Cardinal Arinze's graduation address at Georgetown reminded the audience that the Church invites sinners to "abandon the food of pigs, make a U-turn and return to the refreshing joy of their Father's house, like the prodigal son." His remarks gave rise to expressions of bafflement and indignation: most predictable, some less so.
Ed Ingebretsen, a professor of English at Georgetown and a priest in the American Catholic Church, said Wednesday that Arinze's remarks are in line with Roman Catholic doctrine, but nonetheless seemed out of place at the commencement ceremony. "These things are exactly what he's paid to say," Ingebretsen said. "(But) it's a graduation; why he decided to do the pro-family thing no one seems to know."
The aforementioned Ed Ingebretsen was an openly gay Jesuit priest who left the order two years ago, having prudently delayed his departure until he was tenured at Georgetown. The "American Catholic Church," to which he now professes allegiance, celebrates diversity, if his website be trusted. In the final weeks of his Jesuit existence Ingebretsen recounted his spiritual journey to a sympathetic reporter at the Georgetown Voice:
At the age of 22 and after his third application, the Jesuits finally admitted Ingebretsen. The seminary was not a good place to learn about sexuality, since most discussions of sexuality were shrouded in secrecy or shame. He had his first sexual experience at the age of 23 while in the seminary. He took five years to work up the courage to enter a gay bar in New York at age 28, but he ended up running away when a man offered to buy him a drink. He confessed all of his secret desires to his superior while still in the seminary. The priest, a man Ingebretsen speaks of with reverence, told him to trust his feelings. But it wouldn't be until Ratzinger's letter in 1986 that he could even begin to do that.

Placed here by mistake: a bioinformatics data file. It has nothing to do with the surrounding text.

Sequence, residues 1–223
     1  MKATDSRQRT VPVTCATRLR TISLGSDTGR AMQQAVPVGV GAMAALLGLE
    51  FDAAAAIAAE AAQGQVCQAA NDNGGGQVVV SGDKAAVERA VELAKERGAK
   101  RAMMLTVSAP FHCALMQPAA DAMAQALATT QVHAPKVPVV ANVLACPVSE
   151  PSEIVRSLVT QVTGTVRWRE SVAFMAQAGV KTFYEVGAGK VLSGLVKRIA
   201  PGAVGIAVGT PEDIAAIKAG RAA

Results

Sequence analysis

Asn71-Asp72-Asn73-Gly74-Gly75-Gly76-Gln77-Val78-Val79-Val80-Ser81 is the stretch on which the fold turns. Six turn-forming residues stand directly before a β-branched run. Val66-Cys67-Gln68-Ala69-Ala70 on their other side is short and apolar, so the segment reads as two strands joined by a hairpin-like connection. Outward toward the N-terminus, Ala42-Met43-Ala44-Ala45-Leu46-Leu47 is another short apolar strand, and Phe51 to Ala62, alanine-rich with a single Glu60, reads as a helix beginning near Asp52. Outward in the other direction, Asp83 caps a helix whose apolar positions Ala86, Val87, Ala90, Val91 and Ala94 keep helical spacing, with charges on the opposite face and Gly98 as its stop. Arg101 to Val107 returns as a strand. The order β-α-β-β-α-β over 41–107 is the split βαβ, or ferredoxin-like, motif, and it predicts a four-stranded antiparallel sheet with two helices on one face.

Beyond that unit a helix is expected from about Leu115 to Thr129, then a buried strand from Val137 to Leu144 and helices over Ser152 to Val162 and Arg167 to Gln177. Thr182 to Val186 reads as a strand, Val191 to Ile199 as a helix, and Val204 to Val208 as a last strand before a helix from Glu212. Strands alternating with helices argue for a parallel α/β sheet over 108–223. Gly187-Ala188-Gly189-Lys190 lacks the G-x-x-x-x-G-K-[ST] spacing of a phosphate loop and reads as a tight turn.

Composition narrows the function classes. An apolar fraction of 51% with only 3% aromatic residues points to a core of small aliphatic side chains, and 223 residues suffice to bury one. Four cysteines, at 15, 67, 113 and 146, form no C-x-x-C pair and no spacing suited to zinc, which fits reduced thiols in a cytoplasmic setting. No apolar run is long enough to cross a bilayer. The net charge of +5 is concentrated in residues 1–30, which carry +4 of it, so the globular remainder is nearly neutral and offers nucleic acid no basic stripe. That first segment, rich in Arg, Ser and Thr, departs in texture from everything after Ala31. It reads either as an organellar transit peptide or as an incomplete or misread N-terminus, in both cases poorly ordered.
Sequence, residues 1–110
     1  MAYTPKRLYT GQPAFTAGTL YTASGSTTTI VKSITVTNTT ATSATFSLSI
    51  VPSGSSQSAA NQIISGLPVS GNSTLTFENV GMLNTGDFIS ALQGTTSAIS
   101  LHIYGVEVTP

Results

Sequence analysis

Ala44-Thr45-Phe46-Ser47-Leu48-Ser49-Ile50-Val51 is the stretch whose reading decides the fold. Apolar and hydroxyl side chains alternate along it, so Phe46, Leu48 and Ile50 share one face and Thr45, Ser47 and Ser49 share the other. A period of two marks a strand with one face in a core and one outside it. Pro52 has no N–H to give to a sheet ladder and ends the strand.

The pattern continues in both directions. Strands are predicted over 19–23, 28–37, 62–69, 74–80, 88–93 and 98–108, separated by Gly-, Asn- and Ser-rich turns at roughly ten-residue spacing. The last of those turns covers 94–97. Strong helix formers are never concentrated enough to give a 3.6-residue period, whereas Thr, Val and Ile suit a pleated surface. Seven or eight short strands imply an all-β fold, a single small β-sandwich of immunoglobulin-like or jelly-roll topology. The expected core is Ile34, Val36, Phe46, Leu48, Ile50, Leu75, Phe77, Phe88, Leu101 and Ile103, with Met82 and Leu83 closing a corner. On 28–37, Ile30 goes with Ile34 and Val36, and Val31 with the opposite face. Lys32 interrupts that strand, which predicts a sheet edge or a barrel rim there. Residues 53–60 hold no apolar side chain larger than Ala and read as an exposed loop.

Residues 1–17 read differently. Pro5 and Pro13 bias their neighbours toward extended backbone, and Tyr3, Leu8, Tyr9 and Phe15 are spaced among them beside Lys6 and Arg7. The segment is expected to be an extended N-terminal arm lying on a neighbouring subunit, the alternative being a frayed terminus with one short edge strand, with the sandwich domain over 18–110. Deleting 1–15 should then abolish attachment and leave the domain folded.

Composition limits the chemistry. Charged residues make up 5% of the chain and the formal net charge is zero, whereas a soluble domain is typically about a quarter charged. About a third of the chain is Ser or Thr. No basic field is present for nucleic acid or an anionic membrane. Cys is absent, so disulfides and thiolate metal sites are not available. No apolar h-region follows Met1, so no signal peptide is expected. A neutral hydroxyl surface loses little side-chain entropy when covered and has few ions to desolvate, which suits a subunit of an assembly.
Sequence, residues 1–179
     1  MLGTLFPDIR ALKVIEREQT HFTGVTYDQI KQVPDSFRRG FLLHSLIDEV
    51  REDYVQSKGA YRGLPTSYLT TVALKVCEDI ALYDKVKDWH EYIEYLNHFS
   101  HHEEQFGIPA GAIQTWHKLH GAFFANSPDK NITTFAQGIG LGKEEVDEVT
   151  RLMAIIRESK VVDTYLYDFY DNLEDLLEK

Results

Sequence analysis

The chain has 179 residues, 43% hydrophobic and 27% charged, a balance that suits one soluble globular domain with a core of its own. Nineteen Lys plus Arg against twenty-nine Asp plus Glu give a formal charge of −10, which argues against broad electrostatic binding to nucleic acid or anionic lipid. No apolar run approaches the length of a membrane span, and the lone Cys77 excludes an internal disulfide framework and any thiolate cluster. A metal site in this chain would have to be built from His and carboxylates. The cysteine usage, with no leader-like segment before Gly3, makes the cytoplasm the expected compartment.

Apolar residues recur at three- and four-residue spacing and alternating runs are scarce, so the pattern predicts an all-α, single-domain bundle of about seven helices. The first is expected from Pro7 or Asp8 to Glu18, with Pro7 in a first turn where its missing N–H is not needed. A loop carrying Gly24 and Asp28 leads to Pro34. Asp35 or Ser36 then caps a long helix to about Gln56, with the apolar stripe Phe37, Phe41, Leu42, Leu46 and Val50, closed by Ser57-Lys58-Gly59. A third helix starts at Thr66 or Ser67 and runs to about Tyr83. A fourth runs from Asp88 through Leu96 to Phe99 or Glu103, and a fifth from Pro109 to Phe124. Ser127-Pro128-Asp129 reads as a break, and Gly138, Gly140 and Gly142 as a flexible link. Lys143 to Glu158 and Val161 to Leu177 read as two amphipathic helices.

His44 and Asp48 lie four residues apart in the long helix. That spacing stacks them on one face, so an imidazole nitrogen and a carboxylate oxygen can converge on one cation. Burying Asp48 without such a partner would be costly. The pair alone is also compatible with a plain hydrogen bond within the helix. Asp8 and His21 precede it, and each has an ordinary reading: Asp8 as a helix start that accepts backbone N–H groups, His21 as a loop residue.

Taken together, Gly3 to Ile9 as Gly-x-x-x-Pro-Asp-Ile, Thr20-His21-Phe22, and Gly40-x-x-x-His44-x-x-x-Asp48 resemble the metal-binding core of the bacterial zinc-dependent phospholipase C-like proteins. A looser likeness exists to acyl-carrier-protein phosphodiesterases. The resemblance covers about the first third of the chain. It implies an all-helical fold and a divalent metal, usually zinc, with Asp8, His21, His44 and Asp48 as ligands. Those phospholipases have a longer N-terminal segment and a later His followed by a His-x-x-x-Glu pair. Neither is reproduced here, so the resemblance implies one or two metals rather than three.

Remind me to ask Father Fessio how often his superiors instructed him to trust his feelings.
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